Tim Willey

Adaptive Construction - Experimental Archaeology

Stacks Image 5

Adaptive Construction: A Generic Model
When adaptive construction design was first developed, it was focussed on natural materials, specifically natural materials which one might come across ‘in the field’. Primarily, I researched the historical and archaeological record as well as contemporary practice for evidence of generic actions, in other words: well established and discreet practices which have been applied consistently to natural materials over time. Interestingly, during the research, which took me from the archived manuscripts of The University of Oxford to archaeological sites in the Outer Hebrides, I found that actions consistently fell into three discreet categories and this allowed a taxonomy of actions to be constructed.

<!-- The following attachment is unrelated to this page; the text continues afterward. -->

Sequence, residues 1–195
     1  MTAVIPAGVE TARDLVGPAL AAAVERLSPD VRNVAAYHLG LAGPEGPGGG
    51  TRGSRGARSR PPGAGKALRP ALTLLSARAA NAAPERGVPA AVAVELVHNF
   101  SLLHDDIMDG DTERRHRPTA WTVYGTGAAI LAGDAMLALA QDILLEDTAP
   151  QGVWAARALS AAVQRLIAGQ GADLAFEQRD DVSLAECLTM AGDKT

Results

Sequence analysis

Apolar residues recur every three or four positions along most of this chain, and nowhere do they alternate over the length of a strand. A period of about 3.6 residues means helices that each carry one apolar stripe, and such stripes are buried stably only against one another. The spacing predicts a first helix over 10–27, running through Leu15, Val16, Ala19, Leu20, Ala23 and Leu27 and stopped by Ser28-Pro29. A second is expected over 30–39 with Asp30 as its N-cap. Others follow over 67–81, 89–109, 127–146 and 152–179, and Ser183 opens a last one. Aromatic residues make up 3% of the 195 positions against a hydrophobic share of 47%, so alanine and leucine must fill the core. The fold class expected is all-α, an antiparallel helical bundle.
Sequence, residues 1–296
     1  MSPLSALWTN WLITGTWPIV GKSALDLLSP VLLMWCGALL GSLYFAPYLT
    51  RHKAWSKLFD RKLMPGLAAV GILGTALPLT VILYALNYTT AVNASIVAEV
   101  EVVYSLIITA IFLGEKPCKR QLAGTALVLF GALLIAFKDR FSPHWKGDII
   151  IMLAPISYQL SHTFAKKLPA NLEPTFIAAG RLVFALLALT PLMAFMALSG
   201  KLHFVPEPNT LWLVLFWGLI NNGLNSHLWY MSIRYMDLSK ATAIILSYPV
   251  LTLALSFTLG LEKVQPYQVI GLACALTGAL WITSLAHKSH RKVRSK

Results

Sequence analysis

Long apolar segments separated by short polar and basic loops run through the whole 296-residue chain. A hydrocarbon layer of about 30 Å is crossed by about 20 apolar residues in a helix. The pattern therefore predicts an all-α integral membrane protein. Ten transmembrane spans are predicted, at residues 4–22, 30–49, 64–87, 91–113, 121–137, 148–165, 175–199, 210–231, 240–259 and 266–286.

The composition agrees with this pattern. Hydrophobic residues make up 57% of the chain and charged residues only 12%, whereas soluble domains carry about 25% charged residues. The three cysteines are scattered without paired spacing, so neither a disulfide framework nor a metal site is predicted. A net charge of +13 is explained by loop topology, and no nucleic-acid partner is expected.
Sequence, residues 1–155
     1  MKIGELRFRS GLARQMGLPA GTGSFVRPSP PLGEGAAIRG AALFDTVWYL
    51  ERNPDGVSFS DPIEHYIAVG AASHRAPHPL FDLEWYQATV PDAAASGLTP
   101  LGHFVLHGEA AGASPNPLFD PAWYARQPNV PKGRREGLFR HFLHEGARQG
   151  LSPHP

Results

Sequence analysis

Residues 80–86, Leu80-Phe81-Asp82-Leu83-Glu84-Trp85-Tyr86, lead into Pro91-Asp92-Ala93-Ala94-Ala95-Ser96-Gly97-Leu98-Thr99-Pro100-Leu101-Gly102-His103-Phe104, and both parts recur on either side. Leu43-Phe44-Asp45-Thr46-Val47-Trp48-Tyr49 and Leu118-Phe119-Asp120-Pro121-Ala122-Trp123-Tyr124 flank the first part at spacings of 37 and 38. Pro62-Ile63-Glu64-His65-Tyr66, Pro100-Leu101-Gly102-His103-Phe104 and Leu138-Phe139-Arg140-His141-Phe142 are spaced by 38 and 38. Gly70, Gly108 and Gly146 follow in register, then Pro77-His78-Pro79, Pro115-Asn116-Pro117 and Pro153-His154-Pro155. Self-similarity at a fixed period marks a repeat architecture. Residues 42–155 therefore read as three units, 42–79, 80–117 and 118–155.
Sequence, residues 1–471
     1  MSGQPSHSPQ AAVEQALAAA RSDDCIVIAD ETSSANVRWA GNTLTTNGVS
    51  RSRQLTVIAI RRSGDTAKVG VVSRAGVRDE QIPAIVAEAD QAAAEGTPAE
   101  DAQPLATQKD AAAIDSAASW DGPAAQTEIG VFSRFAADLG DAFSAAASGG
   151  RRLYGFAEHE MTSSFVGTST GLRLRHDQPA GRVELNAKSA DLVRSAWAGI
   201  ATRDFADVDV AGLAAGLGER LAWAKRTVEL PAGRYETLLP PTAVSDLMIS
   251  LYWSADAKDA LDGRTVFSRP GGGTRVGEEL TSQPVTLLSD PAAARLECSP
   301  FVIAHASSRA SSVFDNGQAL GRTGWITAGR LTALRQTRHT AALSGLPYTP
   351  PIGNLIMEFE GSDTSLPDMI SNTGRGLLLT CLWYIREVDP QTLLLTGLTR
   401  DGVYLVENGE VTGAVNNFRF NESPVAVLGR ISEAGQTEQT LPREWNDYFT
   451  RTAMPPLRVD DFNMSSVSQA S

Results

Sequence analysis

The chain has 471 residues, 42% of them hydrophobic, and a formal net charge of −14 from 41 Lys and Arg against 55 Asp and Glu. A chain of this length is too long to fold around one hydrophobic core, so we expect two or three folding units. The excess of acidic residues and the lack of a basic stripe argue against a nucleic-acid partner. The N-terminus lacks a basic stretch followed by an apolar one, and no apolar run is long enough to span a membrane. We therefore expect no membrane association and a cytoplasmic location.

The diagram below shows three major natural-material categories alongside their (abridged) set of associated actions:
Stacks Image 12
With this schematic in mind, it follows that a practical action can be applied to its material category and an outcome can be considered for adaption.

However, if we turn our attention to other materials and practices, a taxonomy such as this, might not prove very helpful, for reasons which I hope to explain.

But - and this is key to my proposition - the outcomes of this structure, what I call Emergent Properties, do have far-reaching implications for other practices and it is this, which I hope to draw out in future research for 2021.